Guide to this Instructor’s Manual

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New Perspectives on Computer Concepts 2011 Instructor’s Manual of

Computer Concepts

Chapter Twelve: Computer Programming

A Guide to this Instructor’s Manual:

We have designed this Instructor’s Manual to supplement and enhance your teaching experience through classroom activities and a cohesive chapter summary.
This document is organized chronologically, using the same heading in blue that you see in the textbook. Under each heading you will find (in order): Lecture Notes that summarize the section, Figures and Boxes found in the section (if any), Teacher Tips, Classroom Activities, and Lab Activities. Pay special attention to teaching tips, and activities geared towards quizzing your students, enhancing their critical thinking skills, and encouraging experimentation within the software.
In addition to this Instructor’s Manual, our Instructor’s Resources CD also contains PowerPoint Presentations, Test Banks, and other supplements to aid in your teaching experience.
For your students:

Our latest online feature, CourseCasts, is a library of weekly podcasts designed to keep your students up to date with the latest in technology news. Direct your students to, where they can download the most recent CourseCast onto their mp3 player. Ken Baldauf, host of CourseCasts, is a faculty member of the Florida State University Computer Science Department, where he is responsible for teaching technology classes to thousands of FSU students each year. Ken is an expert in the latest technology and sorts through and aggregates the most pertinent news and information for CourseCasts so your students can spend their time enjoying technology, rather than trying to figure it out. Open or close your lecture with a discussion based on the latest CourseCast.

Table of Contents

Chapter Objectives


Section A: Programming Basics


Section B: Procedural Programming


Section C: Object-Oriented Programming


Section D: Declarative Programming


Section E: Secure Programming


Glossary of Key Terms


Chapter Objectives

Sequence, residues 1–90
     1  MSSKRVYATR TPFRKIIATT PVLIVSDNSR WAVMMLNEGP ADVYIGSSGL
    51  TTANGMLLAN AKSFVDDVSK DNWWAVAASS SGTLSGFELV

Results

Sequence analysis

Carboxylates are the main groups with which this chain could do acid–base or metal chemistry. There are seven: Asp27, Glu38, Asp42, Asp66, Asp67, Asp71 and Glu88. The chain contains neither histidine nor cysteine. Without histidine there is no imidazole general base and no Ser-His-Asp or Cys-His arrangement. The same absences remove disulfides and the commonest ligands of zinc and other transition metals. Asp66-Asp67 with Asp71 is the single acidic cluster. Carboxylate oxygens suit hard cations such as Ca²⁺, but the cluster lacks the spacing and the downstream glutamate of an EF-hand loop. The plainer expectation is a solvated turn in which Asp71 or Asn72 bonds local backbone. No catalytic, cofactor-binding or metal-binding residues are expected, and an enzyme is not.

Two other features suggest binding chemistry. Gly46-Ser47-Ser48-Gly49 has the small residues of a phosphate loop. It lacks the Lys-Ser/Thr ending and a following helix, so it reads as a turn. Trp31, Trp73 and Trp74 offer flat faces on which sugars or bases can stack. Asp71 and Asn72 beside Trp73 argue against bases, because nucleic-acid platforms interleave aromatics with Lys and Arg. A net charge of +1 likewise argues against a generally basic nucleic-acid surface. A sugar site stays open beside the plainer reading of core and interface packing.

Students will have mastered the material in Chapter Twelve when they can answer the following questions:

  • How many lines of code are in a typical computer program?

  • Do the activities performed by computer programmers differ from those performed by software engineers and systems analysts?

  • What’s the best computer programming language?

  • What is a programming paradigm?

  • How is a computer program created?

  • What kinds of errors are discovered when programs are tested?

  • In addition to programming languages, what other tools do programmers use?

  • What is an algorithm?

  • What’s the point of flowcharts, pseudocode, and structured English?

  • How do programmers make programs do things in the right order?

  • How does object-oriented programming work?

  • How does declarative programming work?

  • Is it easy to write Prolog rules?

  • What makes computer programs vulnerable to hackers?

  • How can programmers produce more secure code?

  • Can consumers take steps to avoid vulnerabilities that exist in software with code defects?


120100 A line of program code typically contains a keyword or command. (Answer: True) (676)

120200 BASIC, COBOL, and C are classified as third-generation languages. (Answer: True) (677)

120300 Programming paradigms include FORTRAN and Ada. (Answer: False) (679)

120400 In a program, a variable represents a value that can change. (Answer: True) (680)

120500 VDE is an example of an object-oriented programming language. (Answer: False) (683)

120600 A programmer who omits a command word from a line of code has made a logic error. (Answer: False) (685)

120700 Programmers use a tool called an errata to step through a program to locate syntax errors. (Answer: False) (685)

120800 Pseudocode is a bug or error in a line of program code. (Answer: False) (692)

120900 A control structure specifies the sequence in which a program is executed. (Answer: True) (695)

121000 FOR…NEXT and DO…WHILE are examples of commands for loops. (Answer: True) (698)

121100 A programmer could define a class called “pizza” to solve the pizza problem using object-oriented programming. (Answer: True) (702)

121200 Inheritance, methods, messages, and polymorphism are associated with the declarative paradigm. (Answer: False) (705)

121300 Goals, rules, and instantiation are associated with the agile paradigm. (Answer: False) (718)

121400 Java is a declarative programming language. (Answer: False) (712)

121500 Prolog facts contain an argument and a predicate. (Answer: True) (714)

121600 Buffer overflows are associated with security vulnerabilities. (Answer: True) (723)

121700 Programmers can use threat modeling and formal methods to create more secure programs. (T) 725